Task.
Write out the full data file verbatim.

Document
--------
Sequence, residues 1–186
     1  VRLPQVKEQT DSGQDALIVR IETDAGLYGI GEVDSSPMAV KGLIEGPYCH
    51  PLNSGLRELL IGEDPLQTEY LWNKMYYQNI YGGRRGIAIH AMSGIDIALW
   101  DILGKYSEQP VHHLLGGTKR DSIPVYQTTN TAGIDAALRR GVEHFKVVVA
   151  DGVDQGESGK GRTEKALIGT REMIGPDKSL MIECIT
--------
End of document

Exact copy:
Sequence, residues 1–186
     1  VRLPQVKEQT DSGQDALIVR IETDAGLYGI GEVDSSPMAV KGLIEGPYCH
    51  PLNSGLRELL IGEDPLQTEY LWNKMYYQNI YGGRRGIAIH AMSGIDIALW
   101  DILGKYSEQP VHHLLGGTKR DSIPVYQTTN TAGIDAALRR GVEHFKVVVA
   151  DGVDQGESGK GRTEKALIGT REMIGPDKSL MIECIT